That doesnt mean this AI is slow off the mark, however. The computer itself would be able to deal with raw numbers with no problem. Instead, the purpose of this task was to understand the examination in terms of language, something that computers are not so sharp with at the moment.

“This is not a make-or-break test for a robot. The aim is to train artificial intelligence to learn the way humans reason and deal with numbers,” said Lin Hui, CEO of Chengdu Zhunxingyunxue Technology, who developed the AI, according to Chinese news agencyXinhua.

For example, the robot had a hard time understanding the words ‘students’ and ‘teachers’ on the test and failed to understand the question, so it scored zero for that question.

Gaokao isinfamously rigorous and renowned for being overwhelming stressful for the young people that take it. Made up of four three-hour papers in Chinese, English, mathematics, and a choice of either sciences or humanities, the series of tests rely on an extensive range of knowledge, problem-solving skills, and obscure creative thinking. The mathematics exam itself is said to be about as tough as the same level college exam in the West.

Nevertheless, the researchers continue to work with China’s Ministry of Science and Technology and remain optimistic their AI will improve in the exams in no time at all.

I hope next year the machine can improve its performance on logical reasoning and computer algorithms and score over 130,” Lin added.

Read more: http://www.iflscience.com/technology/even-an-ai-supercomputer-found-this-college-entrance-exam-tough/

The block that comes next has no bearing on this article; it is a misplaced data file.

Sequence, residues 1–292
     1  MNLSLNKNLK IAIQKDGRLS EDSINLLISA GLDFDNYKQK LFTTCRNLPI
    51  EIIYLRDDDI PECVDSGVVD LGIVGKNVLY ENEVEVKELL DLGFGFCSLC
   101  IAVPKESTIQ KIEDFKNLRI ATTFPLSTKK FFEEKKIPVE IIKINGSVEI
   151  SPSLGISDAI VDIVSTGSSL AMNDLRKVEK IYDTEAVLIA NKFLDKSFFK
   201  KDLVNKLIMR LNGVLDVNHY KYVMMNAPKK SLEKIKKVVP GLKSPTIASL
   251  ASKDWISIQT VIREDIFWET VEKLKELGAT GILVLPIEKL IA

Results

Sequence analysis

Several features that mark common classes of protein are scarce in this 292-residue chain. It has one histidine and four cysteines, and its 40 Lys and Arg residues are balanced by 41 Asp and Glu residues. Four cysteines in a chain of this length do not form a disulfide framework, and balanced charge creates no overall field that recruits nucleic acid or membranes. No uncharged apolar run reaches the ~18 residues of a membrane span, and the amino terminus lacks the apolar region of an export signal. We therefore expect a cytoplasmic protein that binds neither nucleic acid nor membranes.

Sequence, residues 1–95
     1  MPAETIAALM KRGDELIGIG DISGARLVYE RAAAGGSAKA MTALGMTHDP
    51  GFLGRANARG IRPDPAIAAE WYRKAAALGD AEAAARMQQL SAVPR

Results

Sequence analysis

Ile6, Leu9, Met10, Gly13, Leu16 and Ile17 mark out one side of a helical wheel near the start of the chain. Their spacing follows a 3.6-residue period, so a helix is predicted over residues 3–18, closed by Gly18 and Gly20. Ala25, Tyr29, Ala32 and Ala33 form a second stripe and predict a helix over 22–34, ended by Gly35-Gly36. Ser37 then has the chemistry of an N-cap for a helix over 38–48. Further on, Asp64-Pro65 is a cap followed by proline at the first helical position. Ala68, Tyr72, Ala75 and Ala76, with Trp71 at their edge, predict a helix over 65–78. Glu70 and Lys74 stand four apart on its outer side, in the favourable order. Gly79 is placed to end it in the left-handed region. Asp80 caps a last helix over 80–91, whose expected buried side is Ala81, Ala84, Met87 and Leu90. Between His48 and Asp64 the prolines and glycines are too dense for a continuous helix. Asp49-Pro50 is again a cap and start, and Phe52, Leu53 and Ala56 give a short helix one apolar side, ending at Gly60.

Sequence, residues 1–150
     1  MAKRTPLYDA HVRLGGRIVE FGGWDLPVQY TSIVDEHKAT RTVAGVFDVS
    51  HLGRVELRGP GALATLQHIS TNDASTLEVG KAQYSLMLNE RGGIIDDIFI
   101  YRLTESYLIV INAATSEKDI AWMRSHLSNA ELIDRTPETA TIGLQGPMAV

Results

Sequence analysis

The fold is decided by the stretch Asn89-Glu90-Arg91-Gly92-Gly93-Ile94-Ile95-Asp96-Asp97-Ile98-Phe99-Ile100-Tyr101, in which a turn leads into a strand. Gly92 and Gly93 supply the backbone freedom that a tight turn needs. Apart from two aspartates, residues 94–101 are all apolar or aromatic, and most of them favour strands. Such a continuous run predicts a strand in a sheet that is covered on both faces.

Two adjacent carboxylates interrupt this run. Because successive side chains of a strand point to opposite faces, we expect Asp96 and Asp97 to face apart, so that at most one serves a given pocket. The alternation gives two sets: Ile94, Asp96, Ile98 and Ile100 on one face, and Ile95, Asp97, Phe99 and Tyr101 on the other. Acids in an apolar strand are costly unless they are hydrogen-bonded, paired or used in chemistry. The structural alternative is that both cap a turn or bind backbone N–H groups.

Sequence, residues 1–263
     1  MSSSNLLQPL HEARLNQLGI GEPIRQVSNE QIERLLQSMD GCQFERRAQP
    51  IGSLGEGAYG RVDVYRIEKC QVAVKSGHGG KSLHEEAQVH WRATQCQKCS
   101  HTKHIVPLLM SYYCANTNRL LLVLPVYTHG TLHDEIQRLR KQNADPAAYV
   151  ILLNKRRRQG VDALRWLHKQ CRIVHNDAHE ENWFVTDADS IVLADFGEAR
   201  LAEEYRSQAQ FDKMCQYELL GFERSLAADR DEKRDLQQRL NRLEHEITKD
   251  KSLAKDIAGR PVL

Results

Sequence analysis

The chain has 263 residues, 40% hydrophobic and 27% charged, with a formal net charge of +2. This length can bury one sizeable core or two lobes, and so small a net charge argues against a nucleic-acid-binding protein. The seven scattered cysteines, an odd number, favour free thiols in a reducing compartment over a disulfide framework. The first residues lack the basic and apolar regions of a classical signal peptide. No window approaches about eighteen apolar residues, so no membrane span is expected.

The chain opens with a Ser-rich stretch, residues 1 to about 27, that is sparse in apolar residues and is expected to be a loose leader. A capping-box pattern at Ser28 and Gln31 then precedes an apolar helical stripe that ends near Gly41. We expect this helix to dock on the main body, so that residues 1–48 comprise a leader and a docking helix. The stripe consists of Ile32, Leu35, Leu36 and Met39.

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Knowing Names Makes Cooperation More Likely

Names are powerful things. Just knowing what someone calls themself makes us more likely to cooperate rather than compete with them, a new study has found. The discovery could prove useful in reducing conflict, but some writers of fiction might be asking scientists what took you so long?

Social scientists have spent much effort testing variations of the Prisoner’s Dilemma to find out under what circumstances people prefer to cooperate for the common good, rather than seek their own advantage. It’s hardly surprising that people are more likely to cooperate with those they already trust or are likely to interact with in the future. However, according to Zhen Wang and co-authors, even the tiny connection provided by knowing another participant’s name increases the chanceof cooperation.

Wang of the Northwestern Polytechnical University in China collaborated with researchers from five other countries on the project. They studied the behavior of 154 randomly paired Yunnan University undergraduates who interacted in repeated Prisoner’s Dilemma scenarios, where they had the choice to cooperate, defect, or punish the other player, with the knowledge they would probably have future rounds with the same partner.

Cooperators sacrificed one unit so the other player got two. Defectors got a unit for themselves at the expense of the other player, while those who optedfor punishment lost one unit while penalizing the other player four units, discouraging past defectors from repeating their actions.

In Science Advances, Wang reports that knowing each others’ names was enough to induce most participants to cooperate initially, in contrast to anonymous rounds where defection dominated.

The authors acknowledge the possibility the result was enhanced by the participants being classmates of similar background. Nevertheless, the effect was large compared to those seen from other attempts to tweak Prisoner’s Dilemma outcomes.

The Prisoner’s Dilemma has been intensively studied partly because human survival depends on cooperation, so finding ways to increase it has value. This work has been further spurred by the observation that cooperation is common in nature, in defiance of crude evolutionary models, which predicted it should seldom exist. The drive to understand the discrepancy has greatly expanded what we know about the workings of evolution, including studies of the way that cooperators, by grouping together, can offset the advantagegained by free riders who profit from others’ generosity while offering none of their own.